Depression in Alzheimer Patients: Know the Early Warning Signs
If you have a loved one who has Alzheimer’s you will undoubtedly worry about the signs and symptoms of their condition. You may wonder if what you are seeing is a symptom of Alzheimer’s or something else. Could symptoms such as poor concentration, difficulty sleeping, and social withdrawal be signs of Alzheimer’s or could there be another cause? The issue with such symptoms is that they can overlap with signs of depression. Depression among Alzheimer’s patients can be difficult to detect because the symptoms between these two conditions can be very similar. Not only that, depression can also be a symptom of Alzheimer’s disease at certain stages. It is much akin to trying to find the beginning of a ball of twisted up yarn. Where do you begin to search for answers? In this post we are going to try to answer some of these questions about the association between Alzheimer’s disease and depression. In addition, we are going to give you a check list of possible early warning signs that your loved one with Alzheimer’s may also be suffering from depression.
How prevalent is depression among people who have been diagnosed with Alzheimer’s disease?
According to the Alzheimer’s Association as many as 40% of individuals with Alzheimer’s disease also suffer from significant depression. In addition, the Alzheimer’s Disease Research program has identified depression as a possible symptom among patients with stage two Alzheimer’s. At this stage the Alzheimer patient is more aware of the loss and control associated with their disease. As a result they may become irritable, restless, withdrawn, and depressed.
Why is it important to recognize the early signs of depression in your loved one with Alzheimer’s?
One of the primary reasons to look out for signs of depression in your family member or loved one having Alzheimer’s is that depression is relatively common among those who have this disease but it is treatable. If you treat the depression early on, it will not have the chance to become entrenched and become a chronic problem. Treating your loved one’s depression will also give them a better chance to cope with their Alzheimer’s symptoms. The Mayo Clinic reports that untreated depression among Alzheimer’s patients can lead to a more rapid decline in cognitive functioning, greater overall disability in taking care of themselves, and an earlier placement in a nursing home. It is clear that depression can have a detrimental effect upon your loved one’s quality of life. This is why it is so important to recognize the signs of depression in your family member or loved one, and get them treated promptly.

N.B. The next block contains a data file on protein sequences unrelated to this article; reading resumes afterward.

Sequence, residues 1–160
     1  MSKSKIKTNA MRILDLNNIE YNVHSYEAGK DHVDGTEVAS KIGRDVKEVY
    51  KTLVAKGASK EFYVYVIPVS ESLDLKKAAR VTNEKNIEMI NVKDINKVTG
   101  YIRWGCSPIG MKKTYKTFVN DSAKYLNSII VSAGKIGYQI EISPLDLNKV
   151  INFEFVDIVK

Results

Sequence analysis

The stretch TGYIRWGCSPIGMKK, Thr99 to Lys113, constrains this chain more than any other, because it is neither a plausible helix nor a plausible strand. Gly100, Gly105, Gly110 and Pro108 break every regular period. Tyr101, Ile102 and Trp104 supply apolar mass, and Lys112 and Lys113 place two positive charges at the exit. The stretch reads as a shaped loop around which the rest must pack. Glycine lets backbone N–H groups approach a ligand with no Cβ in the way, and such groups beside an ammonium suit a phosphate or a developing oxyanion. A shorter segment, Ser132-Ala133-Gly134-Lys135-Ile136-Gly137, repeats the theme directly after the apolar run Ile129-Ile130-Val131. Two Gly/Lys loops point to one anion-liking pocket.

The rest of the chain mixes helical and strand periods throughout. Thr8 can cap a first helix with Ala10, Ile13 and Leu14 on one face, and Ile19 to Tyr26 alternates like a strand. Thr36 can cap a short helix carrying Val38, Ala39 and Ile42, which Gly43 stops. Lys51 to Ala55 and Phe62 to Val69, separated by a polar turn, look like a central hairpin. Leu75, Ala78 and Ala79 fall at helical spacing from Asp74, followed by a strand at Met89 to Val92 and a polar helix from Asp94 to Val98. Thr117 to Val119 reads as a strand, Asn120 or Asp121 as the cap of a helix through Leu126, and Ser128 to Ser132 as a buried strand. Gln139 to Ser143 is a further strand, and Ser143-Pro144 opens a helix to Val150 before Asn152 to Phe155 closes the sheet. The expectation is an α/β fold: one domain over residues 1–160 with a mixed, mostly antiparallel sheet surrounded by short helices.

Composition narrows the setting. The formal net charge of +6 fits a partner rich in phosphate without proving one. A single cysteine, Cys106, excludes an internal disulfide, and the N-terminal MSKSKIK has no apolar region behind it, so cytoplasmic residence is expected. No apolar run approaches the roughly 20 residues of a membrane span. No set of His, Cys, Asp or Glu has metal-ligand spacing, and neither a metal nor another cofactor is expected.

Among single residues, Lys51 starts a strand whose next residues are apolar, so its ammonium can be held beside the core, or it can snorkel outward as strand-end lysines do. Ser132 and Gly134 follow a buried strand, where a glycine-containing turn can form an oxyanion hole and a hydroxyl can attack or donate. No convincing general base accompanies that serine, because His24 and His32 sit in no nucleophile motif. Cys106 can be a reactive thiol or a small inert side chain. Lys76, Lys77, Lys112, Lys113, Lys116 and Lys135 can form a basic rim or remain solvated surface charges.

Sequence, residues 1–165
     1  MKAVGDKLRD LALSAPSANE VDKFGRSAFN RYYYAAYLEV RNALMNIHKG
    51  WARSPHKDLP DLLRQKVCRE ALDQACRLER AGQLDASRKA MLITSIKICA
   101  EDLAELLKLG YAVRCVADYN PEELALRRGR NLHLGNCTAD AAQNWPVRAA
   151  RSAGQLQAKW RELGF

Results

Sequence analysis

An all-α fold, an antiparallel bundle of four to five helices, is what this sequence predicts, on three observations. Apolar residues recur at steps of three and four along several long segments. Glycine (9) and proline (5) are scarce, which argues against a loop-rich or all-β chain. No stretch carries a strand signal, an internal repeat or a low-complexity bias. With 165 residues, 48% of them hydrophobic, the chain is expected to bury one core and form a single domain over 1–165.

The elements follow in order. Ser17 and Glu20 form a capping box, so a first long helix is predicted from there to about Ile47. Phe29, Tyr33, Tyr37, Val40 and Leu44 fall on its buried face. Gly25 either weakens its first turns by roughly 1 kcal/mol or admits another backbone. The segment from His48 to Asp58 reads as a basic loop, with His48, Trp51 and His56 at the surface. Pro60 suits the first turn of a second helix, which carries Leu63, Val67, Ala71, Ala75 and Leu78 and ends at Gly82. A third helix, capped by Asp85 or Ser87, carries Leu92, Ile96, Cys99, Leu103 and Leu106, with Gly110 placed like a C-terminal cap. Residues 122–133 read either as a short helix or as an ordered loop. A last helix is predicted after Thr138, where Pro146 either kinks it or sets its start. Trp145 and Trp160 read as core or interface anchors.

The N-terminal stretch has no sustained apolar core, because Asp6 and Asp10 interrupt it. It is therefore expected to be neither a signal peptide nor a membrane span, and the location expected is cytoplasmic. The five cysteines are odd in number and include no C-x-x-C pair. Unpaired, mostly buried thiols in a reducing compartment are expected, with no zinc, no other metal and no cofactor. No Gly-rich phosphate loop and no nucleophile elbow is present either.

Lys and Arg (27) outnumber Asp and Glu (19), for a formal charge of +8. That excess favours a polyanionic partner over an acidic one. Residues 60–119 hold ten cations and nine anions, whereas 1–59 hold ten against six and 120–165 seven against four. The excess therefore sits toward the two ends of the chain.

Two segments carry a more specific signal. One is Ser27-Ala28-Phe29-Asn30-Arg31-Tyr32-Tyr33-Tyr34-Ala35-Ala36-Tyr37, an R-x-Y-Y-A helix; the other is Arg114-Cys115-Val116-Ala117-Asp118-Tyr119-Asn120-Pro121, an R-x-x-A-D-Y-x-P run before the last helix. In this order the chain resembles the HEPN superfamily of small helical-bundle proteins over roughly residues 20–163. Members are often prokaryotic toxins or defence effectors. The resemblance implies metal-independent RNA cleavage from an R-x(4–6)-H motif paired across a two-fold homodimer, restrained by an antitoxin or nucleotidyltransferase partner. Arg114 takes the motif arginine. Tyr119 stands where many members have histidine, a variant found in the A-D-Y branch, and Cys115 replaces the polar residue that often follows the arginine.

Are there differences between the symptoms of depression among Alzheimer’s patients and those who do not have this disease?
The literature states several differences in depression in Alzheimer’s patients vs. those who do not have Alzheimer’s disease including:
• Depression in Alzheimer’s may not be as severe, last as long, or recur as often as someone without this disease.
• You may have to rely more on behavioral cues to detect depression in the Alzheimer’s patient. They may be less likely to discuss their feelings of depression.
• The Alzheimer patient with depression may talk less about suicidal thoughts and are reported to attempt suicide less often than patients without dementia.
• Depressive symptoms in Alzheimer’s may come and go and not present a consistent pattern.
What are the early warning signs of depression for someone who also has a diagnosis of Alzheimer’s Disease? (Please remember that everyone is a unique individual and depression symptoms can vary greatly between people. Always refer to your loved one’s physician to answer your questions about any unusual symptoms or concerns.)
The Alzheimer’s Association of the U.S. and the Alzheimer’s Society of the UK list the following as possible signs of depression in Alzheimer patients:
• Depressed mood (sad, hopeless, discouraged, and tearful)
• A significant decrease in pleasure associated with interacting with others or partaking in usual activities.
If your family member or loved one has shown these symptoms of depression for two weeks or more in addition to any of these additional warning signs please discuss treatment options with a doctor.
• Agitation and irritability
• Lethargy or apathy
• Changes in eating habits
• Social isolation or withdrawal
• Changes in sleeping habits
• Great fatigue and loss of energy
• Feeling hopeless, worthless, or excessive guilt.
• Expressing thoughts of suicide or death or making suicidal plans.
If you are a patient who has been diagnosed with Alzheimer’s Disease, have you experienced any symptoms of depression? If you are a caregiver, have you noticed any signs of depression or other mood changes in your loved one who has Alzheimer’s. How are you all coping? Tell your story. We are eager to hear from you.
For more information about depression please visit Health Central’s MyDepressionConnection for resources and support in managing and treating depression.
In addition we have many posts and articles on the topic of depression and Alzheimer’s Disease that you may wish to read including: